That is why the SAC has stepped up its repression against its opponents and against those suspected of supporting the resistance in any way. In December, 77-year-old former leader Aung San Suu Kyi was sentenced to 33 years in prison, with the intention of banning her from politics permanently. A large number of activists and protest leaders have been arrested and tortured. There have been reports of security forces arresting youths after PDF attacks and sending them to prison for several years.
As the resistance becomes better armed, the military has doubled down on airstrikes and attacks on civilians. It is becoming more and more trivial. The Tatmadaw has deployed its arbitrary “four cuts” strategy against the very people it claims to protect. These heinous tactics, once used with impunity in ethnic minority areas, have now extended to areas predominantly populated by the ethnic Bamar majority.
Just last month it killed monks and civilians in a monastery. On April 11, the deadliest attack to date since the 2021 coup took place when a village in northwestern Myanmar, in the aforementioned Sagaing region, was bombed. At least 100 people, including 30 children, were killed, according to The New York Times.
For its part, the NUG launched a “popular defense war” in September 2021, promising to overthrow the regime quickly. It is building a broad coalition of ethnic groups, civil society, activists and militias through the National Unity Consultative Council (NUCC), whose Assembly ratified the Federal Democracy Charter in January 2022, under which an interim constitution is being drafted. Earlier, opponents of the coup had annulled the 2008 constitution, drafted under military pressure.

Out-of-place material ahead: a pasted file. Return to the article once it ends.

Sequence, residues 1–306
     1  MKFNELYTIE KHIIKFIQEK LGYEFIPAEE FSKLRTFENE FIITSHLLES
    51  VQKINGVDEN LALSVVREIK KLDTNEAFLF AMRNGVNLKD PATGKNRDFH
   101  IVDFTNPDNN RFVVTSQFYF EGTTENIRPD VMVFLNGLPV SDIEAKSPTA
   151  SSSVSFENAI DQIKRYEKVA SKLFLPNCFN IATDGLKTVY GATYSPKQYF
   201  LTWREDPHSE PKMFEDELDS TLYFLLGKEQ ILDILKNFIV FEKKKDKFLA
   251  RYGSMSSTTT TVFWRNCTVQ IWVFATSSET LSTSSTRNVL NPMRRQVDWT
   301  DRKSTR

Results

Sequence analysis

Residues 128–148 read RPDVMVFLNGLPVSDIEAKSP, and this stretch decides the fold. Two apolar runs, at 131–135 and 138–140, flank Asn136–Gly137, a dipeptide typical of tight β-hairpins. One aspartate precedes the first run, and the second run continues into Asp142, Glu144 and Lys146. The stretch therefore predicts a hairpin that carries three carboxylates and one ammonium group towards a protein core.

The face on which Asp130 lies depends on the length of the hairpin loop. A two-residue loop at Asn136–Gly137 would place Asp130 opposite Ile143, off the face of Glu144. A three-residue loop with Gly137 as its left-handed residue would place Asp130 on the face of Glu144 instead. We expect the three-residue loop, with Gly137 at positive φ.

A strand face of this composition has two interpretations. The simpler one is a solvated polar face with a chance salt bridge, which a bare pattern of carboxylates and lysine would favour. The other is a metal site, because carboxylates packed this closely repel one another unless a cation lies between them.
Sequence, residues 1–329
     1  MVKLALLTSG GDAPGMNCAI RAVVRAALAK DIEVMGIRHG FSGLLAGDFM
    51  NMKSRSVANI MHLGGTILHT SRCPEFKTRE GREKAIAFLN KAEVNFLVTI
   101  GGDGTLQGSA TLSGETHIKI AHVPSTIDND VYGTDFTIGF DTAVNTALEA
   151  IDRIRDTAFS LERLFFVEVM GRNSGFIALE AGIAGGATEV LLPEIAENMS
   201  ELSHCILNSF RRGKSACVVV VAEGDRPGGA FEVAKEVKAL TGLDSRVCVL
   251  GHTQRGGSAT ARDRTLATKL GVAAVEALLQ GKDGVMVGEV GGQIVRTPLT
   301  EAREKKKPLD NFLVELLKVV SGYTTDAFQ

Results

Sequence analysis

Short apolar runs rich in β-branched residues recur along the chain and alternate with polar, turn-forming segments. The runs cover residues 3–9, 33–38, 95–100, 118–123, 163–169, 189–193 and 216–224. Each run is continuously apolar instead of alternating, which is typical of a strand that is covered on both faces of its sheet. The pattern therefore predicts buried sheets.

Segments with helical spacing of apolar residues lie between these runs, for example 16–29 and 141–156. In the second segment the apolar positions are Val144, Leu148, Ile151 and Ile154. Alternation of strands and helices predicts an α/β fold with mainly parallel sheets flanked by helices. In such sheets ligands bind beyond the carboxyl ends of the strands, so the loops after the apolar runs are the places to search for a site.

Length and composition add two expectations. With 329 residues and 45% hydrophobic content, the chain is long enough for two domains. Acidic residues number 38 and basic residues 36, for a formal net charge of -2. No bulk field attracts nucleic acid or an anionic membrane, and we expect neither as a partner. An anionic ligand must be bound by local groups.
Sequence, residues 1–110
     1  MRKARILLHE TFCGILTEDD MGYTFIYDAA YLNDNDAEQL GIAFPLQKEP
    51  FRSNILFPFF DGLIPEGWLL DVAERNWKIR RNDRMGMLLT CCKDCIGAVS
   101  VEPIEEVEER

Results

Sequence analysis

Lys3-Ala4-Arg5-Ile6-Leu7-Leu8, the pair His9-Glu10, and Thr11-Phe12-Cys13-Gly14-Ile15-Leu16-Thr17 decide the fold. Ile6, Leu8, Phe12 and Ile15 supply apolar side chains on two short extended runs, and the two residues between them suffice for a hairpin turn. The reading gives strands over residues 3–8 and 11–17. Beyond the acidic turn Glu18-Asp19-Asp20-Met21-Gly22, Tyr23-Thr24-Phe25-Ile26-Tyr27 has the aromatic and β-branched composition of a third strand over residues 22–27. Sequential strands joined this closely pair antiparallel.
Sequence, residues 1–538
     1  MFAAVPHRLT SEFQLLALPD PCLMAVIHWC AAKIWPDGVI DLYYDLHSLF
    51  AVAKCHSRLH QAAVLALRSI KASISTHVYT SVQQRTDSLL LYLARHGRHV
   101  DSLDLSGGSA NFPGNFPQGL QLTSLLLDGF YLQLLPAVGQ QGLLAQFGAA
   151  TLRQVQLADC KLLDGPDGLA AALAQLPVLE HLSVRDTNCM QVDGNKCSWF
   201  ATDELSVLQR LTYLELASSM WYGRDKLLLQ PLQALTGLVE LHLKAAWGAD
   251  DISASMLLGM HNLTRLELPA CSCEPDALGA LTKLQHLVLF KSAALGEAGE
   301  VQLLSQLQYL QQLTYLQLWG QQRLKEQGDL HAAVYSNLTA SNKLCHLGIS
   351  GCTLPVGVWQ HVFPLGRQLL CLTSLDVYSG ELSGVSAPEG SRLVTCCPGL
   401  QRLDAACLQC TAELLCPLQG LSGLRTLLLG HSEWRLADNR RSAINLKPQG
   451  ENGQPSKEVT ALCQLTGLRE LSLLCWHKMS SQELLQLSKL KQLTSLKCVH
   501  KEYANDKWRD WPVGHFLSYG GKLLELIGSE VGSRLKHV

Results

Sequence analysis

Myanmar’s economy is chugging along after a severe contraction in 2021. Macroeconomic indicators appear to have generally stabilized, but are stalled by plummeting productivity, foreign flow and import licensing restrictions, insecurity, ongoing blackouts and high inflation. Businesses balance between the junta and the opposition, fearing crackdowns, violence and social damage.
The United Nations Office for the Coordination of Humanitarian Affairs (OCHA) reported in March that 17.6 million people, nearly a third of Myanmar’s population, are in need of humanitarian assistance, and about 1.3 million have been displaced since the coup.
The junta claims an influx of investment, but companies keep leaving because of security, economic or reputational concerns. The World Bank expects relatively modest growth of 3 per cent for 2023 barring major disruptions, demonstrating the resilience of people and businesses in the face of monumental adversity.
Since the coup, the kyat has fallen by 50 per cent against other currencies due to mismanagement, speculation and rumours. Those who still have money rush to buy property and gold to hedge against the volatility of the kyat.
There is little public confidence in the SAC’s ability to stem Myanmar’s economic collapse, and opponents of the regime believe a Sri Lanka-style debt crisis is only a matter of time. Businesses, ordinary citizens and resistance groups are reviving informal hundi channels to get around the SAC’s currency restrictions.